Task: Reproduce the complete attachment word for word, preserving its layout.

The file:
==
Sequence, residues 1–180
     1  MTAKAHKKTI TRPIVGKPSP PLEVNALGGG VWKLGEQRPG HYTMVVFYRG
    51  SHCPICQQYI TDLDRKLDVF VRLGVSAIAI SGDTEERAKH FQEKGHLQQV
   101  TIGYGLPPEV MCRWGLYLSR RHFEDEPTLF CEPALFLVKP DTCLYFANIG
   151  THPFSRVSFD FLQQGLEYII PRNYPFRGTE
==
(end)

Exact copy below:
Sequence, residues 1–180
     1  MTAKAHKKTI TRPIVGKPSP PLEVNALGGG VWKLGEQRPG HYTMVVFYRG
    51  SHCPICQQYI TDLDRKLDVF VRLGVSAIAI SGDTEERAKH FQEKGHLQQV
   101  TIGYGLPPEV MCRWGLYLSR RHFEDEPTLF CEPALFLVKP DTCLYFANIG
   151  THPFSRVSFD FLQQGLEYII PRNYPFRGTE